Follow up read to The Promise
August 30, 2022 11:35 PM   Subscribe

I am enjoying reading The Promise by Damon Galgut, and would like to do some more reading about South Africa. Recommendations?

I realise that is quite a broad question, but this is because I really don't know a lot about the place beyond a kind of vaguely remembered high school and popular news story version. Histories or contemporary texts are both fine, with a preference for things that put factual or political details alongside something less dry and a bit more accessible, would be ideal. I've read Trevor Noah's memoir too, but something with a broader focus would be appealing.
posted by jojobobo to Education (6 answers total)
Best answer: Long Road to Freedom is an obvious choice, but for good reason. I also enjoyed Dancing Shoes is Dead, another memoir that's ostensibly framed by the sport of boxing (and the role sports played in the international community's efforts to isolate and pressure the apartheid South African government) that follows the author's years spent as an underground ANC activist. Heart of Redness is a fantastic novel that's deeply embedded in a couple different key historical moments in South Africa.
posted by exutima at 3:18 AM on August 31, 2022

Best answer: I appreciate the desire to cover a lot of ground in one book, but that's going to be hard beyond a textbook.

Down Second Avenue by Es’kia Mphahlele is a memoir that provides the perspective of a Black South African growing up pre-apartheid, and then experiencing the arrival of the apartheid government - he eventually has to go into exile for his political activism. It is beautifully written.

This BBC documentary from the 1980s covers the international sports boycott against apartheid SA.

If you can get ahold of "Africa: A Biography of the Continent" by John Reader, the chapter on mining in SA is pretty good, as summary chapters go.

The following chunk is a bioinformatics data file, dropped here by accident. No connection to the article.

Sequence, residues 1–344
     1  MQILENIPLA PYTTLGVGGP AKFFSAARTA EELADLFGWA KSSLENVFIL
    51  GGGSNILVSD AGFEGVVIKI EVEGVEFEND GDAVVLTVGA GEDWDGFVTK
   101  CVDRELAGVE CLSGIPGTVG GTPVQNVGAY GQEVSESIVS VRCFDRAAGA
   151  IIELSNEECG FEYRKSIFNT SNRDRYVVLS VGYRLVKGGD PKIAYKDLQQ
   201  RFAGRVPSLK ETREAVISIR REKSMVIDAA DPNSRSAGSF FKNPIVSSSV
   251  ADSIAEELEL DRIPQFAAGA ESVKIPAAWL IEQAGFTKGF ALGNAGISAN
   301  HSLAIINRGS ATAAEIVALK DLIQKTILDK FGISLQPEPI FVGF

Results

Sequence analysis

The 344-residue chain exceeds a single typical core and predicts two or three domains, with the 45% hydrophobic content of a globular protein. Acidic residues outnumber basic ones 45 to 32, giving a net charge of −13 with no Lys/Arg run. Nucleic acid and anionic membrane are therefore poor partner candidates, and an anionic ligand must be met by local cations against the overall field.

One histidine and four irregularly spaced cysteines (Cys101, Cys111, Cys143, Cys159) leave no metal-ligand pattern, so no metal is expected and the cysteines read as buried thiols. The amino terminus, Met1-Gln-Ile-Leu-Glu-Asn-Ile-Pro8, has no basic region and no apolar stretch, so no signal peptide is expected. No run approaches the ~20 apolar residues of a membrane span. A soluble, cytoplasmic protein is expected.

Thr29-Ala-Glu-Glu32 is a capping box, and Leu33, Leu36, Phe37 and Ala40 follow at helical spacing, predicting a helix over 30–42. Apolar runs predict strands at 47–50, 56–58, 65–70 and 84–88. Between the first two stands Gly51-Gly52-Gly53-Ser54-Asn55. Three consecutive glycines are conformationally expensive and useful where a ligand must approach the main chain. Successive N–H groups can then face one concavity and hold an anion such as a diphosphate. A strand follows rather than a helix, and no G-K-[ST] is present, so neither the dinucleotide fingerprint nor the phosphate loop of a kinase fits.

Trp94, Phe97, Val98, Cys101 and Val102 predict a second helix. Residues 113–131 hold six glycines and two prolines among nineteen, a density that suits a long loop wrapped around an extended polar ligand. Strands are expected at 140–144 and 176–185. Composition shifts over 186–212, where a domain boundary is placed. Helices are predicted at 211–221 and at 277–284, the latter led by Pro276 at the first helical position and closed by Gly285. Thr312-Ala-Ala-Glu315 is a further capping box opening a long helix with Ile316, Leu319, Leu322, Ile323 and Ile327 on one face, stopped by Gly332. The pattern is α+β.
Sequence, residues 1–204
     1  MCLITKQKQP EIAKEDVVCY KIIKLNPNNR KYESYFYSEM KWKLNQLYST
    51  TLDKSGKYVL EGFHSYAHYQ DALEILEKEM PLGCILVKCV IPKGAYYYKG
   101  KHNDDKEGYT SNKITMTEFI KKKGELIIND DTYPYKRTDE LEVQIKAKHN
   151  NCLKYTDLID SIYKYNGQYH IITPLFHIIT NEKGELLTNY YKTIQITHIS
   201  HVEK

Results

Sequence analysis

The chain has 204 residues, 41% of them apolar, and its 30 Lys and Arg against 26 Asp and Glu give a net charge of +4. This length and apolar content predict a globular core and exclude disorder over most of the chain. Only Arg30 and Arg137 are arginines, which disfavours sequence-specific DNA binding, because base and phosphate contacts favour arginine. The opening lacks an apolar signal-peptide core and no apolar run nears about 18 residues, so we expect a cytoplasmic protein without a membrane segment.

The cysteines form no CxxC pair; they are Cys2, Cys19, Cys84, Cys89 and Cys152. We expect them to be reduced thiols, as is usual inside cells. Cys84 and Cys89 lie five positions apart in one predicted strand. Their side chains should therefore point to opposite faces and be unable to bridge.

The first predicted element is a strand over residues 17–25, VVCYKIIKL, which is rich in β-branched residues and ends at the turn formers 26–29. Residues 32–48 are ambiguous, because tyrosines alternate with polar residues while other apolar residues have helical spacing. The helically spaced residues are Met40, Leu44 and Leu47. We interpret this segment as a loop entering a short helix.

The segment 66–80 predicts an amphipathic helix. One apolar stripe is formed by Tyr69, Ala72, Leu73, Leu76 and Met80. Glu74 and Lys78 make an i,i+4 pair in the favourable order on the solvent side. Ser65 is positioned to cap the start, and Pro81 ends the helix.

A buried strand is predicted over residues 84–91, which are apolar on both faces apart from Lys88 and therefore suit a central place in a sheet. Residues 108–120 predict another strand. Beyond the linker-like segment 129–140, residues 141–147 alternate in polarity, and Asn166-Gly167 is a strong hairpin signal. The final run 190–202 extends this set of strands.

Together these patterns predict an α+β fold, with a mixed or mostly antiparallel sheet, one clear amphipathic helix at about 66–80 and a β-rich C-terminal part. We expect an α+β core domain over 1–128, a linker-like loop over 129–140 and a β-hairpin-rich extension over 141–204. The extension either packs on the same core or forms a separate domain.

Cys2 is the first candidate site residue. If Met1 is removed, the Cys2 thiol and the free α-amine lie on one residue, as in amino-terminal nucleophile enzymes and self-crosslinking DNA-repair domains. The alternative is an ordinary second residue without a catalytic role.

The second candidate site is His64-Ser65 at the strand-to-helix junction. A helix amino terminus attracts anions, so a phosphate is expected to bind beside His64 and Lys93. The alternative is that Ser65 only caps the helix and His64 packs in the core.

If you have AppleTV, you can watch this documentary about Drum Magazine, which was a very popular publication covering township life before the apartheid gov shut it down.

The Calling of Katie Makanya is a semi-memoir (she told her life story to her employer's daughter, who transcribed it), of a Black South African, who was born in 1873.

This video by VOX does a good job looking at current segregation in SA.

Anyway, these are snapshots of different moments/perspectives. Hopefully someone will be able to recommend a general history book.
posted by coffeecat at 5:51 AM on August 31, 2022

Best answer: Mukiwa, a memoir from Peter Godwin. Outstanding.
posted by Dashy at 6:22 AM on August 31, 2022

Best answer: For general South African social history (late 19th/20th century), anything by Charles van Onselen. He takes a biographical approach in a couple of his books (eg. the Fox and the Flies or The Seed is Mine), which make for entertaining but historically rigorous reads. Speaking as a Historian.
posted by idlethink at 6:25 AM on August 31, 2022

Best answer: The Inheritors - new release by a friend. Note that author is American but has lived in SA for many, many years.
posted by tinydancer at 1:58 PM on August 31, 2022

The Number by Jonny Steinberg covers the role gangs and violence have in areas around Cape Town.
posted by PenDevil at 4:03 PM on September 30, 2022

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